Vail Daily column: A look at pros, cons for 3B | VailDaily.com

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Vail Daily column: A look at pros, cons for 3B

Last week, I relayed the pro and con statements submitted for the school district’s election question 3A, which is a mill levy override and used for ongoing operational expenses. This week, I’ll do the same for question 3B, which is a bond measure used for construction.

As a public employee, I am prohibited from advocating for or against anything on the ballot. However, as the superintendent of our community school system, I do have a responsibility to inform the public on matters related to our schools, and this includes the two election questions Eagle County Schools has on the ballot this fall, known as 3A and 3B. When discussing these, I am bound by law to provide a factual and balanced perspective.

To ensure the aforementioned factual and balanced perspective, I will rely on language submitted to the district for inclusion in the voter guide, which Eagle County voters should have recently received in the mail.

District staff was tasked with summarizing the pro and con arguments for questions 3A and 3B into statements of 500 words or less. In all, the district received 10 pro statements and 2 con statements for questions 3A and 3B.

Statement Pro 3B

The pro-3B statement asks for your “yes” vote and highlights areas of improvement noted in the ballot question. These include:

• Improving school safety and security district-wide, including secure entrances and safety equipment.

• Provide students with relevant, updated instructional technology.

• Replace outdated roofs, heating, plumbing, and other critical repair backlogs, extending the useful life of existing facilities and improving energy efficiency.

• Add classrooms and other learning spaces at Eagle Valley High School in Gypsum to address rapid enrollment growth and allow for expansion of science, technology, engineering, math (STEM) and career/technical programs.

• Fund renovation and reconstruction at Eagle Valley Middle School, Eagle Valley Elementary School, Red Sandstone Elementary School and Red Canyon High School in Eagle to accommodate student population growth and comparable learning environments.

The pro-3B statement says Colorado’s public education funding is the 47th lowest and state legislators help from the state Legislature is not on the way. It’s going to take a local investment. The pro-3B statement says well-funded schools are an investment that pays dividends, protecting property values and strengthening local economic development.

The pro-3B statement says the School Board carefully winnowed its wish list to fund only the most critical projects and expenses. With interest rates at historic lows, and construction costs on the rise, it makes sense to address these improvements sooner rather than later.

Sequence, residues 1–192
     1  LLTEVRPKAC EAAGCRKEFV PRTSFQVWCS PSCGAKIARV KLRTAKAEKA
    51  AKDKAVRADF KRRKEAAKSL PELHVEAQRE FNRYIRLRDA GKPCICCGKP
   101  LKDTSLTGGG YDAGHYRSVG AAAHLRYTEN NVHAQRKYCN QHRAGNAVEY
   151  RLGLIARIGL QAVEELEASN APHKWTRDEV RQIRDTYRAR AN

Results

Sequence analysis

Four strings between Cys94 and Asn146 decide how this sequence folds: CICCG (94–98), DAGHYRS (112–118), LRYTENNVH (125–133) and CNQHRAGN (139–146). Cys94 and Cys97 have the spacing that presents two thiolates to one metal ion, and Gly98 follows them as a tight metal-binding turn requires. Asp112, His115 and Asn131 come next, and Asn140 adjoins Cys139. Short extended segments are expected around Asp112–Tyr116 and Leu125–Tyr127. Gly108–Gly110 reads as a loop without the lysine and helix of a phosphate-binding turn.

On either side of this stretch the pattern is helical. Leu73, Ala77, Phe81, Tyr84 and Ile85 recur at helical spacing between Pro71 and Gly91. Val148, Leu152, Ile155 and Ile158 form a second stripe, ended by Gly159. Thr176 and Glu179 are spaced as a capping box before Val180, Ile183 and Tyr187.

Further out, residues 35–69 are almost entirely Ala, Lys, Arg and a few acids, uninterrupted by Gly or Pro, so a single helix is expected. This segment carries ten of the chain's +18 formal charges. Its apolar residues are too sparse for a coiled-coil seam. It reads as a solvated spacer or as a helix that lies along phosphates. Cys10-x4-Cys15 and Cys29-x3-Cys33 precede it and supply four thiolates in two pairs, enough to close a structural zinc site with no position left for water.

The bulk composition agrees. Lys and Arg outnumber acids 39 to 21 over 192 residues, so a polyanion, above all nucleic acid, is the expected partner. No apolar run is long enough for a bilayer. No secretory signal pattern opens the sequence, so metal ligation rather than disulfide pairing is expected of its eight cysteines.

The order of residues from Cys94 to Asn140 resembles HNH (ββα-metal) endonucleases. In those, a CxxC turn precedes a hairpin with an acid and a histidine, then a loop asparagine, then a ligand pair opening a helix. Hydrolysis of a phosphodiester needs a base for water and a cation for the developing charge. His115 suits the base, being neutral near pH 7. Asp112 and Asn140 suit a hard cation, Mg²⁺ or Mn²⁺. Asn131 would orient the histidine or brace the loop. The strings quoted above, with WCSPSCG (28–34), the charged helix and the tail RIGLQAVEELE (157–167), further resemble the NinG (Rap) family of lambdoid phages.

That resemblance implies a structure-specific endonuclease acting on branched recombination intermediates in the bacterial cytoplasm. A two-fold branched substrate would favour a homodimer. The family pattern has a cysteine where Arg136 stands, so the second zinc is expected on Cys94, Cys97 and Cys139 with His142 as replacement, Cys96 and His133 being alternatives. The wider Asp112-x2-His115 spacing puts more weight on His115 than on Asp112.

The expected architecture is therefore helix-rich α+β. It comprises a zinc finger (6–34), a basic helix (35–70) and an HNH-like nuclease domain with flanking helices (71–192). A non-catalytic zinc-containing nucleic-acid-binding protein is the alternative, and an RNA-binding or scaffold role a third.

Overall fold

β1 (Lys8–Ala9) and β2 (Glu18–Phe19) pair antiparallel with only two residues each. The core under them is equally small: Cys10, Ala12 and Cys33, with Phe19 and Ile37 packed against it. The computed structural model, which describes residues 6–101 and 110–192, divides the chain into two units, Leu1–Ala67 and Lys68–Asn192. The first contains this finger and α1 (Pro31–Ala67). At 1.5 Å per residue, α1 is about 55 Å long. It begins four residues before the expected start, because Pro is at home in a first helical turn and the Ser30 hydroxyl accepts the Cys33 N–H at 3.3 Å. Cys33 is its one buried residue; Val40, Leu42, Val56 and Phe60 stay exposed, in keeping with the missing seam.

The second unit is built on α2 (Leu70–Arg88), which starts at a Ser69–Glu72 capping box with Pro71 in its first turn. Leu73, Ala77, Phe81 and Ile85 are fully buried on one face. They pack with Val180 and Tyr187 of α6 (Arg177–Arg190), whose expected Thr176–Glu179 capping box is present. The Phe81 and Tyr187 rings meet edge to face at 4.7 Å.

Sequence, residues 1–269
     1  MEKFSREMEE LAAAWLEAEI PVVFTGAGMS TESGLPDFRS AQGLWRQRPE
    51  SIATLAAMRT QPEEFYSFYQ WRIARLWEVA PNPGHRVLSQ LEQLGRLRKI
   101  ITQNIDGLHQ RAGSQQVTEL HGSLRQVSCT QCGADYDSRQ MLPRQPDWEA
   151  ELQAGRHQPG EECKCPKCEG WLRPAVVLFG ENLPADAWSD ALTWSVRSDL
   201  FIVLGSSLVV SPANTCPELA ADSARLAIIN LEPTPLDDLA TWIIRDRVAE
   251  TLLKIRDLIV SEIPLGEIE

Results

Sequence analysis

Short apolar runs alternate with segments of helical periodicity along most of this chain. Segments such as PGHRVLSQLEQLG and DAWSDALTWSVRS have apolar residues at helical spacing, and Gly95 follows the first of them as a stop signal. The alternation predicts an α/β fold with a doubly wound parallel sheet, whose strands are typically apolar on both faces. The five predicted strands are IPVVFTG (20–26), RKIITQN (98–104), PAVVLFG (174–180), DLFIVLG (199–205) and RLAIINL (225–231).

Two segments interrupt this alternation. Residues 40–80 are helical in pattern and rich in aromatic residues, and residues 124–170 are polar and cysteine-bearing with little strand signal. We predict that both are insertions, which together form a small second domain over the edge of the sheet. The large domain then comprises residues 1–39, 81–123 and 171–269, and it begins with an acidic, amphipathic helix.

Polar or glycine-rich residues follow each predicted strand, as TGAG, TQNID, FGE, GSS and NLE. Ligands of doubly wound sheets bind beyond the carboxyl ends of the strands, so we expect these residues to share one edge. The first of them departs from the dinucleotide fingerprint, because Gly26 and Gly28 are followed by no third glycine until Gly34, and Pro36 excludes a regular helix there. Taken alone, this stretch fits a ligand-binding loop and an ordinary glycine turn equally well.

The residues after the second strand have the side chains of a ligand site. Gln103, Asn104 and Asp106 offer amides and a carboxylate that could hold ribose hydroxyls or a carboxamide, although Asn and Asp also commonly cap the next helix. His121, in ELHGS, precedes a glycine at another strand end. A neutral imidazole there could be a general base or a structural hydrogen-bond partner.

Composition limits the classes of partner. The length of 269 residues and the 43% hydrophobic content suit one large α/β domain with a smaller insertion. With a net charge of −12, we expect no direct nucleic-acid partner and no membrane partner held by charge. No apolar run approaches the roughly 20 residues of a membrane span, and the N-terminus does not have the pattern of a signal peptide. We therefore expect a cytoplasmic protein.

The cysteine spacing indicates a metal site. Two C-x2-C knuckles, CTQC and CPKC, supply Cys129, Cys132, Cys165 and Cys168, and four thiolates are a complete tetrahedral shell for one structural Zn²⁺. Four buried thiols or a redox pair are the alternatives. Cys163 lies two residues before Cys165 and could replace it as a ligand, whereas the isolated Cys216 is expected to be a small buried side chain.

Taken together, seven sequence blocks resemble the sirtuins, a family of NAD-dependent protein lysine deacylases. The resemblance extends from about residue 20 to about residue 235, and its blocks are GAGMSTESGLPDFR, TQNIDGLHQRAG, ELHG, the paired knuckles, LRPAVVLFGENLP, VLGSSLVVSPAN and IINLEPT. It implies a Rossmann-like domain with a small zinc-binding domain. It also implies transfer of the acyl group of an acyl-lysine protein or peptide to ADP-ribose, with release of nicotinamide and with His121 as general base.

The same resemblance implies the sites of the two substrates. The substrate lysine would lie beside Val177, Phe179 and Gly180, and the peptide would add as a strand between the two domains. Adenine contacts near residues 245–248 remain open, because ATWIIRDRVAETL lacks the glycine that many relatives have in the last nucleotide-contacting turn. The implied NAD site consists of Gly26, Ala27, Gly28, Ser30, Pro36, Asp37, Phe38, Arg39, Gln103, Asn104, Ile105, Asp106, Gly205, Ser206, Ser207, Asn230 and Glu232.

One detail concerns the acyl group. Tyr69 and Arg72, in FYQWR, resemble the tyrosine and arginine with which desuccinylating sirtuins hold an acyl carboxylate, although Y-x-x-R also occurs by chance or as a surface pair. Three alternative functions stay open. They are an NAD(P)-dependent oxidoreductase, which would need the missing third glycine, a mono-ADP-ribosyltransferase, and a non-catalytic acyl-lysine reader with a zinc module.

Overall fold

The pro-3B statement addresses the tax impact, noting an increase of $1.44 per month ($17.28 annually) per $100,000 of a home’s actual value.

The pro-3B statement says student population is growing, our schools are full to overflowing, and we cannot keep pace with demand for classrooms, teachers, technology, facilities maintenance and related needs.

The pro-3B statement asks you to vote “yes” on the issue 3B because it positions our local students, schools and communities for a strong future.

Statement Con 3B

The con-3B statement was identical to the con-3A statement, which was covered last week.

It says that schools use an outdated and expensive business model and could instead use technology and video lectures, eliminating the need for individual teachers to make lesson plans and saving on costs and time that would allow for more individual help to students.

The con-3B statement also says that many prominent business leaders believe and fund free education models that will produce better results and that by eliminating education our expenditures we could reduce the national debt and property taxes.

The con-3B statement indicates passing this question will result in a new financial crisis, similar to 2008, due to increased taxes and fees along with rising interest rates.

The con-3B statement also says that the school district should live within its means, the district can find the money it needs in its existing budget, and that passage will ruin your children’s future with increased housing costs.

The con-3B statement says that the school board is not to be trusted and intentionally misleads, saying one thing and reporting another to the Colorado Department of Education.

The statement continues to say Eagle County teachers are paid more than adequately given how little time they work, that class sizes are relatively low, that teacher turnover is not a problem, and that the superintendent makes too much money.

Looking at just the arguments submitted relative to 3B, the con statement acknowledges that maybe improvements for Red Sandstone and Eagle Valley High School can be justified, for around $40 million. However, asking for huge tax increases and long-term debt of $250 million or more is ludicrous.

The con-3B statement asks that you vote “no” on this issue and ask the tax increase proponents to spell out exactly what huge tax increases will be spent on.

Conclusion

Colorado’s system of government relies heavily on “direct democracy,” meaning that citizens get to vote on important matters such as these. I encourage you to be an informed and engaged citizen on this issue, apply your critical thinking skills, and vote accordingly.

Jason E. Glass is the superintendent of Eagle County Schools. He can be reached at jason.glass@eagleschools.net.